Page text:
Ocado ups stake in vertical farming
‘People do want fresh products, are looking to live healthier lives, and buy more products locally when they can’
OCADO has increased its stake in Scunthorpe-based Jones Food Company, Europe’s largest vertical farm, as coronavirus fuels interest in food grown indoors.
The online grocer now owns about 70pc of the startup after it became its largest shareholder, with a 58pc stake, in November.
Founder James LloydJones, who set up the firm three years ago, told The
Daily Telegraph that three more sites will go live by the end of next year.
Tim Steiner, Ocado’s cofounder and chief executive, has said that he wants Ocado to have vertical farms next to its grocery depots to offer fresh produce that could be delivered to shoppers an hour after being picked.
Ocado does not sell any vegetables from Jones Food on its website yet, but insiders said it was an option should it wish to.
Coronavirus has pushed companies to look at incorporating vertical farming into their supply chain to make it more reliable. Last month the environment, food and rural affairs committee warned a disorderly Brexit could be an even bigger threat than coronavirus for the supply chain.
James Lloyd-Jones’s idea of world domination is something of an anticlimax. “My goal is to make vertical farming boring,” he says. The 34-year-old set up his own firm, Jones Food Company, three years ago to grow fresh herbs, radishes and leafy salads indoors. His warehouse, the size of 26 tennis courts, is in the Lincolnshire town of Scunthorpe, and is Europe’s largest, he claims.
He wants giant indoor farms to be ubiquitous and for vertical farming to be a permanent fixture of the food supply chain. They allow plants to be stacked closely together in a tightlycontrolled environment, using LED light to fuel growth all year round.
Lloyd-Jones might be onto something. The industry is expected to exceed $20bn (£15.3bn) in sales over the next six years. After Brexit put food security under the spotlight, now coronavirus is boosting the interest in vertical farming. There were few such businesses as recently as 2010; now more than 2.3 million square feet of indoor farms exist in the world.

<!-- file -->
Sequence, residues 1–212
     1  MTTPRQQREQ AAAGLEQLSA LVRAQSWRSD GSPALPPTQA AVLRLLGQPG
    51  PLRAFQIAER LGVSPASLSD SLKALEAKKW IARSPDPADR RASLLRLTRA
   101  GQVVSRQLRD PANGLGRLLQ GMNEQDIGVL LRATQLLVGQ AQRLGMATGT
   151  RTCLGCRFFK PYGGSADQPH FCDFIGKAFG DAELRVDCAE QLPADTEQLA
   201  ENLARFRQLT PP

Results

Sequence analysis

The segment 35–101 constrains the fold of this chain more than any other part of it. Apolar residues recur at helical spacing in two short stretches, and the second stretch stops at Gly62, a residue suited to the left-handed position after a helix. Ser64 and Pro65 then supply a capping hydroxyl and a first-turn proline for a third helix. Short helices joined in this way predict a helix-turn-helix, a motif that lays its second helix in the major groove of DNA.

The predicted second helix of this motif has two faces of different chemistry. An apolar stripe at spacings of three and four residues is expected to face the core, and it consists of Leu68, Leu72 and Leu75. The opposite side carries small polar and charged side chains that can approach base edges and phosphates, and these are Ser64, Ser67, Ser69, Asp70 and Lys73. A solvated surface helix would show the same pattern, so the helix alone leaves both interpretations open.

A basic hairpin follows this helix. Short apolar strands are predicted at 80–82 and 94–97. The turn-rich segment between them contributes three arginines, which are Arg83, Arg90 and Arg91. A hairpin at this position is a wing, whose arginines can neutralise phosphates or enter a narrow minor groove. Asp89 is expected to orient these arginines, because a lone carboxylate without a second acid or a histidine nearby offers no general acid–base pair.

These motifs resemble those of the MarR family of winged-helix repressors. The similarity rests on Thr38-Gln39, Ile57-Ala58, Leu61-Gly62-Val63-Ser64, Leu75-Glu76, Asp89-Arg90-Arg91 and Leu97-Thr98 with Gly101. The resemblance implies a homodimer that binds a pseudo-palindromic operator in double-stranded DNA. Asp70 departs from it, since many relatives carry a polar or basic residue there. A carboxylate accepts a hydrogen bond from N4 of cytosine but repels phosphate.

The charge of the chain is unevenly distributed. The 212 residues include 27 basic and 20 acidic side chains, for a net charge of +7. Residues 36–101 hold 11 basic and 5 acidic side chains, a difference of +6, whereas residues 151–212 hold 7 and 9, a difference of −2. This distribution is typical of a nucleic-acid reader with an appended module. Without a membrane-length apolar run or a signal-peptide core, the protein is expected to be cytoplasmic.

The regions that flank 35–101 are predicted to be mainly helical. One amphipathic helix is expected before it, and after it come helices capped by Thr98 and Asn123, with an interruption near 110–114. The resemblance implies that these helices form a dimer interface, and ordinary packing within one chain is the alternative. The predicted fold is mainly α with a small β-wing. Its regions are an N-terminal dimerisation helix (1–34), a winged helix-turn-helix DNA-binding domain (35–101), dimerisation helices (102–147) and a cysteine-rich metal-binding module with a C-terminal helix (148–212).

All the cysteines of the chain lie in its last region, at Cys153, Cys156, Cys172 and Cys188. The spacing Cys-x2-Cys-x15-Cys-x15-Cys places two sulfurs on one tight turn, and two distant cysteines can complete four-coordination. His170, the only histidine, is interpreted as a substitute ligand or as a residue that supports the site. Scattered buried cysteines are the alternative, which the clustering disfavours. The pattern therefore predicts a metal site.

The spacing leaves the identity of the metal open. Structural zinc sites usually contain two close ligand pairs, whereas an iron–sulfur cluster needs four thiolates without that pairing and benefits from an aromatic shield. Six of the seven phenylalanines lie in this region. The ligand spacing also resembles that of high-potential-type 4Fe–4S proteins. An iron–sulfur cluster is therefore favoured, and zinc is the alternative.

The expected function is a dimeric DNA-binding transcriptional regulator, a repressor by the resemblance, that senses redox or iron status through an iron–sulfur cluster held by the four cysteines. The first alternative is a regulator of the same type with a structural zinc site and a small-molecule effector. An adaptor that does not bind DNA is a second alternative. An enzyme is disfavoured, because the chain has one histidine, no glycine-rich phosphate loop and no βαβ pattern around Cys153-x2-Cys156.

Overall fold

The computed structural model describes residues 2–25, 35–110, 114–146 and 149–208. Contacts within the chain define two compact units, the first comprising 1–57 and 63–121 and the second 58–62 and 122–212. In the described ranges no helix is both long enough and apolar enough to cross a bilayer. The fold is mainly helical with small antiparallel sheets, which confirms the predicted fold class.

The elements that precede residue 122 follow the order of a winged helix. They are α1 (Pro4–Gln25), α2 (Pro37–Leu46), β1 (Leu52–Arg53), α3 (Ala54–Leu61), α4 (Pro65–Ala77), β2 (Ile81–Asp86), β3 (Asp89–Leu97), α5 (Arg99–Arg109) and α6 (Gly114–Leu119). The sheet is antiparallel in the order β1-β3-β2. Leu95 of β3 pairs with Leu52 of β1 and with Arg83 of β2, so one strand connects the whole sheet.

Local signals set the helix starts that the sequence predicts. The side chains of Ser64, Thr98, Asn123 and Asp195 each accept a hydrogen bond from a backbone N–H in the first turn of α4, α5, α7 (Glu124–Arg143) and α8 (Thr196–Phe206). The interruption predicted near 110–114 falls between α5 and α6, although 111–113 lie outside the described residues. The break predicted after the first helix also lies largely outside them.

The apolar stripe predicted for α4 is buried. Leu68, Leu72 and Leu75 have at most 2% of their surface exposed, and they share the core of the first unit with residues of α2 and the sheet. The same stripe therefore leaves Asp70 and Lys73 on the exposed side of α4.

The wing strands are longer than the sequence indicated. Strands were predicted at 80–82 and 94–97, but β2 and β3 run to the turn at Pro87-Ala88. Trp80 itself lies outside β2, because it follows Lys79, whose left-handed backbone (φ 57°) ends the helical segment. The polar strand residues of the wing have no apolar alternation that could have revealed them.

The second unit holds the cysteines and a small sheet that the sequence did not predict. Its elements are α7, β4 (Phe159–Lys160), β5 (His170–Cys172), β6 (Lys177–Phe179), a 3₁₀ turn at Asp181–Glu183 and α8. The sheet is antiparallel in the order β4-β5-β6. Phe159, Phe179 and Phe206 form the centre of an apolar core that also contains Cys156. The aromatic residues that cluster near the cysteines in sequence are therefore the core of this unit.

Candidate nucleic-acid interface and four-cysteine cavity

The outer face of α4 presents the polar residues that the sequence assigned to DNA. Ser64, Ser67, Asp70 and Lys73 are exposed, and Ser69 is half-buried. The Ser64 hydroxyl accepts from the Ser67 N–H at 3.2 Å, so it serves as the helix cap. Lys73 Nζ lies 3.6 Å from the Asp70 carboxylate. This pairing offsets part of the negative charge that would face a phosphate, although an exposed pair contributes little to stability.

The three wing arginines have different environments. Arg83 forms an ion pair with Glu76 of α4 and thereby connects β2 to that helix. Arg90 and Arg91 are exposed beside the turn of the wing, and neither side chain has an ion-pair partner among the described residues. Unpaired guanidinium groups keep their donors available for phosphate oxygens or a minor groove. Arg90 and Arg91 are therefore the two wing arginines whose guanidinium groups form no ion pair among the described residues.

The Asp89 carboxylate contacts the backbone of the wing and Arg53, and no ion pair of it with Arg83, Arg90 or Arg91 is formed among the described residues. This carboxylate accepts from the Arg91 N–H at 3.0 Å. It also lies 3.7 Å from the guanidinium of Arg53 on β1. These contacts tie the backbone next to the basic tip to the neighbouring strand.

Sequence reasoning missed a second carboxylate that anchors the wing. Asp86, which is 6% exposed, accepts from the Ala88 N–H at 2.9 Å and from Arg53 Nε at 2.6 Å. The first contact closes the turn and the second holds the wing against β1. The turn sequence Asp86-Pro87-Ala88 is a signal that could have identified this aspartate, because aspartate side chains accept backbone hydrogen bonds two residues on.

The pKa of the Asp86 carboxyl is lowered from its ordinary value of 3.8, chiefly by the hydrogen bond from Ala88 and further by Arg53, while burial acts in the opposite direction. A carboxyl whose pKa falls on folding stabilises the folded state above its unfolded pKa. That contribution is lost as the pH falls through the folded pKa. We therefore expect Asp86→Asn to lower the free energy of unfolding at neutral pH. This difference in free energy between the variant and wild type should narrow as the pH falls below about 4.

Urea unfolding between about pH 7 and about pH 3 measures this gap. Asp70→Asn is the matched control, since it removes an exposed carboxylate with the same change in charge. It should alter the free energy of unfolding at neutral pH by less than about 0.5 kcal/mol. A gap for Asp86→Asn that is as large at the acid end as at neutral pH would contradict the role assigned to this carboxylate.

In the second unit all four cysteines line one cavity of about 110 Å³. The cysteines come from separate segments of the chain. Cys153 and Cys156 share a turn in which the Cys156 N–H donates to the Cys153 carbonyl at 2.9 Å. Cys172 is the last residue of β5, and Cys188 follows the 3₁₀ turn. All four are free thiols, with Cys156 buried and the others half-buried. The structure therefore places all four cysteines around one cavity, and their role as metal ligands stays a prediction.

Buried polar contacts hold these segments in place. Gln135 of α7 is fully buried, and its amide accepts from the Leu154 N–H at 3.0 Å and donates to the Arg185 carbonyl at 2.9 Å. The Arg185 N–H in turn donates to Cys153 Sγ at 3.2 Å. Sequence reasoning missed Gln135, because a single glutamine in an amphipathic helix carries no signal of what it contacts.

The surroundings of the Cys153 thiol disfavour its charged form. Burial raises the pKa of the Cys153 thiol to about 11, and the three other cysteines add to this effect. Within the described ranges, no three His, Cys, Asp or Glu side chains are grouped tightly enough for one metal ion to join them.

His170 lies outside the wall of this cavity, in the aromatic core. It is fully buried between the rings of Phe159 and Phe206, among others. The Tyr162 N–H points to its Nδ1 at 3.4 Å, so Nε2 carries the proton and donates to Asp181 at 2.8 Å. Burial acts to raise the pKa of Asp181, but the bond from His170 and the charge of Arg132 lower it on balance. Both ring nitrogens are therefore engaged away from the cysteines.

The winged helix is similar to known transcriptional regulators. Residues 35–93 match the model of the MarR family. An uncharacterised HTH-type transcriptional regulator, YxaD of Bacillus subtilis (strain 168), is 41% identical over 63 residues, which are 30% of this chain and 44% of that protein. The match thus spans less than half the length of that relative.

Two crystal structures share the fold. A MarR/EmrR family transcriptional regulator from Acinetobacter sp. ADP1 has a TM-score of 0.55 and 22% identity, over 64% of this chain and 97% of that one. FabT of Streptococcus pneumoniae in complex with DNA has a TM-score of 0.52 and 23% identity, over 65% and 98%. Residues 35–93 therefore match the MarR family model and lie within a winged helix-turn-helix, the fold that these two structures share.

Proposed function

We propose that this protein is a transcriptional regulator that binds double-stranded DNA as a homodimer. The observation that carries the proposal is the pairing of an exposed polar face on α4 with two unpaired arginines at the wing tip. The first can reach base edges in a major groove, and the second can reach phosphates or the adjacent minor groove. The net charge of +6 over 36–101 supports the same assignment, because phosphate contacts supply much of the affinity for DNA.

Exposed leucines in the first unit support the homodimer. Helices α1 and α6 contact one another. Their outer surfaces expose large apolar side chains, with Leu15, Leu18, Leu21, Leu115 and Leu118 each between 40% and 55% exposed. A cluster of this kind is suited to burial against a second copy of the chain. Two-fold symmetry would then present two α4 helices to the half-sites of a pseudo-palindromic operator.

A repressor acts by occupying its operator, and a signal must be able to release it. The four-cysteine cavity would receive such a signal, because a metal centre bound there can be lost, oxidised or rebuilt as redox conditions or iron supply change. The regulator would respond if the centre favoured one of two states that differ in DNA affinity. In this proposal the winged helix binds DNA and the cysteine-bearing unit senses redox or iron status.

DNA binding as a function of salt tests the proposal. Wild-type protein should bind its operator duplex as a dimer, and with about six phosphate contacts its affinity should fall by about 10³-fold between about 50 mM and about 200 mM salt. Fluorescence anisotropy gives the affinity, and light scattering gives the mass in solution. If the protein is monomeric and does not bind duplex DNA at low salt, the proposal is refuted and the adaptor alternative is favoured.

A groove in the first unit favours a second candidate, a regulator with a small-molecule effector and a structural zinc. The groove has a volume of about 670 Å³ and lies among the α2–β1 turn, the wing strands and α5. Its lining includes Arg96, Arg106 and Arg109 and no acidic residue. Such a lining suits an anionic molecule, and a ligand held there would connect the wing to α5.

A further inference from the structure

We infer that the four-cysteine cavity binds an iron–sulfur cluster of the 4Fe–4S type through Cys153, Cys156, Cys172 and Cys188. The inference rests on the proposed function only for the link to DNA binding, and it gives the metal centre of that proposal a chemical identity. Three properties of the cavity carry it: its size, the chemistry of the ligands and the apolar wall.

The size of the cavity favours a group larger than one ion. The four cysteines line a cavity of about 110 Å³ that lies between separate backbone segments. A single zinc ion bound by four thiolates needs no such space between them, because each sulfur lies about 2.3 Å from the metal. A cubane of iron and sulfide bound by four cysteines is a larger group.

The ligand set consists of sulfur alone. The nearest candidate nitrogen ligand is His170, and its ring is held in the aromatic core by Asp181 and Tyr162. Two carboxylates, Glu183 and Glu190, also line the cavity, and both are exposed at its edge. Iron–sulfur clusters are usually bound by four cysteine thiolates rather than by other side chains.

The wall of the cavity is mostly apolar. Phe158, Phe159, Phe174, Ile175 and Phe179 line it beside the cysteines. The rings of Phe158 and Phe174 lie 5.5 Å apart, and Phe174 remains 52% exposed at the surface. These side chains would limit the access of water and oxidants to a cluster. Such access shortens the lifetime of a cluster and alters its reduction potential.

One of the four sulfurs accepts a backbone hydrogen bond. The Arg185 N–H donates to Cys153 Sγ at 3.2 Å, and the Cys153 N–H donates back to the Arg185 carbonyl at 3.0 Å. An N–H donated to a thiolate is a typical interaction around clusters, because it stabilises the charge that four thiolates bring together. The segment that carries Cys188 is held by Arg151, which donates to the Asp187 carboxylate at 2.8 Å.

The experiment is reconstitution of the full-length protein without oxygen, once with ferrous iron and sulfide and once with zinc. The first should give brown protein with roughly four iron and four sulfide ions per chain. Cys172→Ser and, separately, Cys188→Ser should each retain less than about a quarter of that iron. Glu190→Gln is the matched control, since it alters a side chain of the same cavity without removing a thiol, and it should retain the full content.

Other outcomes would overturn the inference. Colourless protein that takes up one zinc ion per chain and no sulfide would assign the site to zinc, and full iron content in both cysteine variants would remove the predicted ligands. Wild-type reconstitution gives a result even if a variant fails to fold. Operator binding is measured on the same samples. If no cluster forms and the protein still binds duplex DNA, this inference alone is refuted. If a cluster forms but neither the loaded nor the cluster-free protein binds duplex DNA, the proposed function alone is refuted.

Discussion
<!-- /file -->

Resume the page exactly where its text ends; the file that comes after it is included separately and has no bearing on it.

“There are opportunities everywhere as both retailers and the suppliers think about their supply chains, which are complex and have been disrupted,” says Jeremy Byfleet, who runs Infarm’s UK business.
His employer, a Berlin-based company, has recently helped Marks & Spencer and Selfridges to install mini-units to grow fresh herbs and salads in-store. Infarm sends in a dedicated person twice a week to harvest the plants, sold by the retailers, and sow new seeds, which come from a hub in London. Infarm also works with discounter Aldi in Germany. It rustled up $100m from investors last year to expand the business more quickly.
“It all plays into the fact that while we have a pandemic and there are second waves in different countries, people do want fresh products, are looking to live healthier lives, and buy more products locally when they can,” Byfleet says.
The proponents of vertical farming argue their businesses are a boon for the environment. They typically use significantly less water, no pesticides and fungicides, and say there is little food waste compared with traditional agriculture. Technology allows them to control their sites remotely and most tasks are automated. LloydJones’s company has only 20 staff, which keeps the day-to-day running costs relatively low, although he plans to hire a further 70 as three more farms go live next year. Industry critics
Indoor farms allow plants to be closely stacked together, and use LED light to fuel growth all year round